Lithium battery State of Charge(SOC)

Lithium-Ion State of Charge (SOC) measurement

The lithium-ion batteries are recurrently used in a variety of applications. To assure an effective battery utilization and longer life, the battery management systems (BMS) are employed. Recent BMS are becoming sophisticated and causes a higher consumption overhead on the battery. The estimated SOC is calibrated by using an original event-driven Open Circuit Voltage (OCV) to SOC curve relation. The devised system comparison is made with the traditional counterparts. Results demonstrate a more than third-order of magnitude out performance of the proposed system in terms of compression gain and computational efficiency while assuring an analogous SOC estimation precision.

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Definition and Classification of SOC Estimation

SOC is one of the most important parameters for batteries, but its definition presents many different issues. In general, the SOC of a battery is defined as the ratio of its current capacity () to the nominal capacity (). The nominal capacity is given by the manufacturer and represents the maximum amount of charge that can be stored in the battery. The SOC can be defined as follows:


State of charge (SOC) is the level of charge of an electric battery relative to its capacity. The units of SOC are percentage points (0% = empty; 100% = full). An alternative form of the same measure is the depth of discharge (DOD), the inverse of SOC (100% = empty; 0% = full).

Lithium ion VS Lead acid

There are several ways to get Lithium-Ion State of Charge (SOC) measurement or Depth of Discharge (DOD) for a lithium battery. Some methods are quite complicated to implement and require complex equipment (impedance spectroscopy or hydrometer gauge for lead-acid batteries).

We will detail here the two most common and simplest methods to estimate the state of charge of a battery: voltage method or Open Circuit Voltage (OCV) and coulomb counting method.

1/ SOC estimation using Open Circuit Voltage Method (OCV)

All types of batteries have one thing in common: the voltage at their terminals decreases or increases depending on their charge level. The voltage will be highest when the battery is fully charged and lowest when it is empty.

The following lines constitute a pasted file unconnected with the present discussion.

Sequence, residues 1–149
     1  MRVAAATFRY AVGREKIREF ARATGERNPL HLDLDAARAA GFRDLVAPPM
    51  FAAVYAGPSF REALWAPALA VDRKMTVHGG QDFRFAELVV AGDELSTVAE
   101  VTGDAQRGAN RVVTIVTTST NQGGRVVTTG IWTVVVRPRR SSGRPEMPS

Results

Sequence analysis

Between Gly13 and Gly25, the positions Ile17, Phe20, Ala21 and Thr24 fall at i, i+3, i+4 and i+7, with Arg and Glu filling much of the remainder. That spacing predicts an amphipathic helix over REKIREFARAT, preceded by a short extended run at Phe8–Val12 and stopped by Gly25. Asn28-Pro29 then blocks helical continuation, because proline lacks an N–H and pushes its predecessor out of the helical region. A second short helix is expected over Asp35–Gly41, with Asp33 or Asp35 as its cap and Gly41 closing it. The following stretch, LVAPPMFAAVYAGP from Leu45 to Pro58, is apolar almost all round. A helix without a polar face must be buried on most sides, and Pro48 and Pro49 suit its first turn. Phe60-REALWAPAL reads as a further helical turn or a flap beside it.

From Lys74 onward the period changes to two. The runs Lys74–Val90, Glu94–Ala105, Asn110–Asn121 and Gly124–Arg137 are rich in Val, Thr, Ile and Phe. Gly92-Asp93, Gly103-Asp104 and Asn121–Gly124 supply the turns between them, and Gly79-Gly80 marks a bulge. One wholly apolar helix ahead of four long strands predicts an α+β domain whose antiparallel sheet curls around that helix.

This relationship between voltage and SOC depends directly on the battery technology used. As an example, the diagram below compares the discharge curves between a lead battery and a Lithium-Ion battery.

It can be seen that lead-acid batteries have a relatively linear curve, which allows a good estimation of the state of charge: for a measured voltage, it is possible to estimate fairly precisely the value of the associated SOC.

However, Lithium-ion batteries have a much flatter discharge curve, which means that over a wide operating range, the voltage at the battery terminals changes very slightly.

Lithium Iron Phosphate technology has the flattest discharge curve, which makes it very difficult to estimate SOC on a simple voltage measurement. Indeed, the voltage difference between two SOC values may be so small that it is not possible to estimate the state of charge with good precision.

The diagram below shows that the voltage measurement difference between a DOD value of 40% and 80% is about 6.0V for a 48V battery in lead-acid technology, while it is only 0.5V for lithium-iron-phosphate!

Lithium vs AGM Soc estimation by OCV method

However, calibrated charge indicators can be used specifically for lithium-ion batteries in general and lithium iron phosphate batteries in particular. A precise measurement, coupled with a modeled load curve, allows SOC measurements to be obtained with an accuracy of 10 to 15%.

12V lithium battery

2/ SOC estimation using the Coulomb Counting method

To track the state of charge when using the battery, the most intuitive method is to follow the current by integrating it during cell use. This integration directly gives the number of electrical charges injected or withdrawn from the battery, thus making it possible to precisely quantify the SOC of the battery.

Unlike the OCV method, this method is able to determine the evolution of the state of charge during battery use. It does not require the battery to be at rest to perform an accurate measurement.

Coulomb Counter

Although current measurement is performed by a precision resistor, small measurement errors may occur, related to the sampling frequency. To correct these marginal errors, the coulomb counter is recalibrated at each load cycle.

Lithium-Ion State of Charge (SOC) measurement made by coulomb counting allows a measurement error of less than 1%, which allows a very accurate indication of the energy remaining in the battery. Unlike the OCV method, coulomb counting is independent of battery power fluctuations (which cause battery voltage drops), and accuracy remains constant regardless of battery usage.